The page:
And a venture to build a fish farm in Kyrgyzstan was scuppered when local mafia bosses stole his fish. By 2010, Mr Ryan had filed for his second divorce and returned to London, penniless and homeless. He now helps out at a homeless shelter that once helped him, providing free decorating.
Now living in Twickenham, south west London, he said: “Apart from death, you can’t get much more rock bottom than being homeless, so I tested myself and it’s all good. Sometimes even now I spend my nights in tents just to remind myself that I’m bomb proof, I’ve gone through it all. Now I’m just looking for that middle ground where you still have to strive for what you want, rather than just having it handed to you.”
Following his lottery win, he hired an ex-SAS soldier to guard his family after hearing of a plot to kidnap one of his children. His housekeeper stole £40,000 and was jailed for three years, an arsonist tried to set fire to his £145,000 Ferrari, and a £15,000 caravan in the 40-acre grounds of his mansion was burned out.
Mr Ryan and Karen split in 2003 and sold their mansion. He and new girlfriend Jyldyz Djangaracheva relocated to her home country, Kyrgyzstan, central Asia, where he lost £2m in failed investments. He says he put the money into a scheme to take the lottery to China, but claims crooked officials cheated him.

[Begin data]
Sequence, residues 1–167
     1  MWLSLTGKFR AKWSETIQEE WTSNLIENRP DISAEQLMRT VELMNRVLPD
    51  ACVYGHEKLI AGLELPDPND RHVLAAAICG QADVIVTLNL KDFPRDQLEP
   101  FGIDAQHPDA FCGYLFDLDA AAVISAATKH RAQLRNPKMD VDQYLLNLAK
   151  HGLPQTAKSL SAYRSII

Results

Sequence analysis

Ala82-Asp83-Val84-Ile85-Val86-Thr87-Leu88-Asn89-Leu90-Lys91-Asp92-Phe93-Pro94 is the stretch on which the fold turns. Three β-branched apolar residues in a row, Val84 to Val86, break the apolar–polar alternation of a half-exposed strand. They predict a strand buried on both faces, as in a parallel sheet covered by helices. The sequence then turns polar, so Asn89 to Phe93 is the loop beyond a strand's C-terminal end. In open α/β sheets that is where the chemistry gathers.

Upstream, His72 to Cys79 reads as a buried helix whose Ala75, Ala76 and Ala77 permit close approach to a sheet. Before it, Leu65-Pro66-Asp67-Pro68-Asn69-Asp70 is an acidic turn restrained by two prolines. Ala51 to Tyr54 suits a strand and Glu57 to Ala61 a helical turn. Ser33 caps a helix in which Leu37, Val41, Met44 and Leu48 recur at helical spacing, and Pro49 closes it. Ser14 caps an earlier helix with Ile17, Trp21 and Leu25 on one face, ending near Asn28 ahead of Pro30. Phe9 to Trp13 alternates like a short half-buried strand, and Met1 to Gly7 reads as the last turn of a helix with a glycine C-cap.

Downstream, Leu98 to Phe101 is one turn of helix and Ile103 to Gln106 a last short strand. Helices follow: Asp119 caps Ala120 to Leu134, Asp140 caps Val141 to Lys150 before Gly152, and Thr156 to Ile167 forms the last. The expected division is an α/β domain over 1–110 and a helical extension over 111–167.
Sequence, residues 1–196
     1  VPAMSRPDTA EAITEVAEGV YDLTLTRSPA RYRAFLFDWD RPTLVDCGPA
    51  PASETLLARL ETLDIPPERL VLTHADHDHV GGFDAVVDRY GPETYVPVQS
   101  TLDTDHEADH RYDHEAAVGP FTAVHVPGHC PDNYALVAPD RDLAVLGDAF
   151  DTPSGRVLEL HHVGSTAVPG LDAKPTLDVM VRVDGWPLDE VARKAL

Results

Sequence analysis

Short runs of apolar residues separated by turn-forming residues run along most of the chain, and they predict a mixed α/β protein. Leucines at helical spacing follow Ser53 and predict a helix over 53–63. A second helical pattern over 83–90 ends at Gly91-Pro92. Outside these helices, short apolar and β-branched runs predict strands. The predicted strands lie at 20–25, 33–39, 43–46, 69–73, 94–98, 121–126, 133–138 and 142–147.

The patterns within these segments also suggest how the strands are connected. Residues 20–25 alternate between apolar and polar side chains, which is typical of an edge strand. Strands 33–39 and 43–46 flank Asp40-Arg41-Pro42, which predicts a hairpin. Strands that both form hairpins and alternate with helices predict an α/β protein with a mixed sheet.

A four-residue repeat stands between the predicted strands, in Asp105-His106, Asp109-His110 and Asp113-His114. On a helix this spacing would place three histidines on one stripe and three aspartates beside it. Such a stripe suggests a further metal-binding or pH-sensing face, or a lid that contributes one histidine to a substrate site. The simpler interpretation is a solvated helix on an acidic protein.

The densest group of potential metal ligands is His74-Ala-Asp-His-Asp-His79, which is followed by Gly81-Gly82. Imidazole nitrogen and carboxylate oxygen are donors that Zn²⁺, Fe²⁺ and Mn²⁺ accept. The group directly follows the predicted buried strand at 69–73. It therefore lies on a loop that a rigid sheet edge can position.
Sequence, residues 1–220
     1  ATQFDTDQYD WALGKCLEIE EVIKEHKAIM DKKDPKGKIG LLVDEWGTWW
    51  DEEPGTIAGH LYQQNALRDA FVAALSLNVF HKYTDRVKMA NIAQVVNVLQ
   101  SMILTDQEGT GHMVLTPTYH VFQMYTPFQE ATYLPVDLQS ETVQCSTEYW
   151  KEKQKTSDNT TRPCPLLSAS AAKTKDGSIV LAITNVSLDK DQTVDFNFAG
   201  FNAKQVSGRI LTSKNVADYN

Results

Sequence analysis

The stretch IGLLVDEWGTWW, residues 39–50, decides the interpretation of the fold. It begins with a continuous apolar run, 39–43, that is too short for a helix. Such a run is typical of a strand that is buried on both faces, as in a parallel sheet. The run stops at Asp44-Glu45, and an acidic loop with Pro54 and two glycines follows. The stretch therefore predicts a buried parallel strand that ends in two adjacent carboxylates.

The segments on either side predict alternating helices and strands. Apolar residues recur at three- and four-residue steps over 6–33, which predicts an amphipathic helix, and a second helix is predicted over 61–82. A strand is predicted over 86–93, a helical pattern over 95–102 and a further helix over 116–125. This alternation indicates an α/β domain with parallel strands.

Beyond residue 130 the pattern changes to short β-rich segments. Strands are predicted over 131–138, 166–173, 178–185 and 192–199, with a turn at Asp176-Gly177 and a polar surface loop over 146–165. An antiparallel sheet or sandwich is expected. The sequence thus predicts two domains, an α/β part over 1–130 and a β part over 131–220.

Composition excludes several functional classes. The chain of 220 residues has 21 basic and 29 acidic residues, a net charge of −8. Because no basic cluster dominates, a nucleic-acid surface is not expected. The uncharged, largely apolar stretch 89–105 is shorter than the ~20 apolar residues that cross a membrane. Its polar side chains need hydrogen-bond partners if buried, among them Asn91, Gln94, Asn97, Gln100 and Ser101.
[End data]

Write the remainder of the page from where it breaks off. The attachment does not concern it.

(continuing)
He said: “I don’t want all that around me again. It’s almost like being in a prison when you’ve got to lock your gates and be on constant lookout… People just fixate on the money aspect of it, but that really was a juxtaposition, going from having quite a bit to nothing. It was a crazy experience but one I’ll never forget.
Having nothing was equally important as the experience of having all the money. There was a time when I prayed for my pound back. But now at this point I’m happier than I’ve ever been in my whole life.”
Although Lee considers the windfall a curse, he believes it saved him from a life jail term. He was plotting an armed robbery at the time of the win and handed his shotgun in as part of a police amnesty. He said: “The only bit that win did was stop me from getting a life sentence because I was getting into harder crime.
“It starts with robberies and stuff but eventually your luck runs out and if anyone crosses you, they get their kneecap blown. But now I’m very grateful to be where I am now and I’m more honest than I’ve ever been. I’ve got keys to houses I could never afford and I can just go and do my bit.”
Lee still tries his luck on the lottery and once had a near miss in a £100m EuroMillions draw, winning £5,413 instead. He said: “People think everyone will be happy for them when they win.
They won’t, everyone will be jealous and out to get you. The chasm between those who have nowadays and those who don’t is massive. People have too much for their own good. I know so many people who are rich and miserable. If I win again nobody will hear about it.”